It's generally a good idea not to pay too much attention to things that pro sports commissioners say for the same reason you shouldn’t listen to whatever on-message platitudes come out of politicians’ mouths on the state-fair circuit. You get the sense that these guys (except for maybe David Stern) speak in bland press-release duckspeak even when ordering lunch, or talking about the weather, or explaining that suspicious rash to their doctors. So zoning out is the appropriate response to the recent comments from NFL commissioner Roger Goodell to the effect that the tributes planned for the NFL's opening Sunday games on September 11 will help “unite” a country beset by a decade of creepy kitsch, bad feelings, awful history, worse decisions, and acres of the rankest of dry-aged bullshit.
Even if Goodell hadn’t said anything, it was obvious that the NFL would do something to commemorate 9/11. They do so every year, and it is easy to imagine them doing it decades hence, when Brett Favre has assumed Terry Bradshaw's seat as Fox Sports' resident guffawing Faulknerian Manchild. The sort of people who are offended by this sort of thing have already expressed their offended-ness—The Nation's Dave Zirin managed to do so while also invoking the grim memory of a past 9/11 Fox NFL pregame show staged from Iraq's Bagram Air Force Base, which featured a fatigue-clad Howie Long. But if you are honestly offended by the idea of healing the nation through Blue Angels flyovers, field-size American flags, Joe Buck's puns, and pop-country renditions of the National Anthem that go on for ten minutes, chances are good that you don’t like the NFL in the first place
And that's because a large part of the NFL's appeal—what makes it the biggest and most lucrative and reputationally bulletproof sport in the US and a baffling sideshow to most foreigners—is how well it reflects the frantic, frightened, double-loud dumbness of post 9/11 America. The grandiose sentimentality and self-importance in Goodell's wish to heal very real national wounds through synchronized macro-memorializing makes sense, in this way, because it is very much in keeping with the NFL's overwhelming, overarching dedication to idiot bigness. It is indeed dumb to imagine a scenario in which a chortling Shannon Sharpe or a Jay Cutler interception helps someone get over the pain and loss of September 11, or all the painful losses into which the nation has wandered since. But that sort of dumbness is the NFL all over, and a large part of what has made it so big.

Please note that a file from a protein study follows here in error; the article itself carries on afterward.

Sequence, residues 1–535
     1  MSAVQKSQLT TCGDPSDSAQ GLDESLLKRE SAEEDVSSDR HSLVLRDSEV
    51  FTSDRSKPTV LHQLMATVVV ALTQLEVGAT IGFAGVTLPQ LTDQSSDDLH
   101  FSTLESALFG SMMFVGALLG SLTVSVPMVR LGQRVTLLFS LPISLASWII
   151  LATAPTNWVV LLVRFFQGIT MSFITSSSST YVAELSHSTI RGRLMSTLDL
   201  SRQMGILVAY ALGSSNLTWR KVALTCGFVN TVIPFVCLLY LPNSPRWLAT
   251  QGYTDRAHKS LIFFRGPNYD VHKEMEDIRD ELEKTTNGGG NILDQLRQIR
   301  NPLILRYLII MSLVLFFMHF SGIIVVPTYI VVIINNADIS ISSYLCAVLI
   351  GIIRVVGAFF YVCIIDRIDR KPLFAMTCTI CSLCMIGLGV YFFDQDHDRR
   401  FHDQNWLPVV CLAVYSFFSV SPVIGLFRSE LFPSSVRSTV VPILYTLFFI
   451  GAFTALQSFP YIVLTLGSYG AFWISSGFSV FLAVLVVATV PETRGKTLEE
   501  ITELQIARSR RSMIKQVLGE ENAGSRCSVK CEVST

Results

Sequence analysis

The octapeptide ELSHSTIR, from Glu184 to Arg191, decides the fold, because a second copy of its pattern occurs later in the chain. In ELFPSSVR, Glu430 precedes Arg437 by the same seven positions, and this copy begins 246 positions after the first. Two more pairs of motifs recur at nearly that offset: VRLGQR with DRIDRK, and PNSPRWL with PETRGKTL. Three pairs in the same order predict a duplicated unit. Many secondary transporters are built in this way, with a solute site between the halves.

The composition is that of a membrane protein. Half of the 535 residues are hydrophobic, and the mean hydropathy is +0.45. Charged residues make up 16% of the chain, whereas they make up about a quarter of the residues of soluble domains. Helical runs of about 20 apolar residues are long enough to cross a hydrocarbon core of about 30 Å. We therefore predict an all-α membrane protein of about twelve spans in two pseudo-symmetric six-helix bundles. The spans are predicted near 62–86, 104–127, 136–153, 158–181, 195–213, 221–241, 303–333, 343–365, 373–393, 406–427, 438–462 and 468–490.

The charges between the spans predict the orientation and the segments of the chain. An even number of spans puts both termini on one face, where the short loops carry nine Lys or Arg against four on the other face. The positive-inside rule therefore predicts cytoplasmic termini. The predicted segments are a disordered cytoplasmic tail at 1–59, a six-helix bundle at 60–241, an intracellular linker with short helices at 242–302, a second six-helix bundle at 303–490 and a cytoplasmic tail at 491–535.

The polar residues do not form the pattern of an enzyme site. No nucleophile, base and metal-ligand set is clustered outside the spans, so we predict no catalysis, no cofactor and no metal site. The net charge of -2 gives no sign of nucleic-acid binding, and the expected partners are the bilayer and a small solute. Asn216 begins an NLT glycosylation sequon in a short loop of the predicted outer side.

What sets the NFL apart from other leagues is how watching an NFL game miniaturizes and re-packages the nauseous anxiety of American life over the last decade. The giddy kick of the games themselves—the long periods of grunty stop-start inaction, the sudden bursts of almost cartoonish violence, the opaque, acronym-heavy strategery in the pursuit of trivial achievements that are treated like world-shaking events—is basically just the news, but even dumber. The threatened lockout and the knowledge that these guys are doing actually pretty severe damage to their brains is swept away once the spectacle starts. Ditto for the intermittent and queasy reminders of the combatants' human fragility—the hushed announcers make respectful comments when a player is down on the turf (“You hate to see that”) but we return from the commercial break with the field cleaned up and everyone once again ready to go.
Football is just a sport, and the NFL is just a tacky corporation—it's not going to heal anything, let alone all the wounds the country has absorbed over the last decade. But credit where it's due: It has found a way to take the feelings of a godawful decade and turn it into a fun, dumb, irresponsible, and hugely popular entertainment. You won't hear Goodell bragging on that, but it's an impressive feat.
Previously - There's No Lockout in Streetball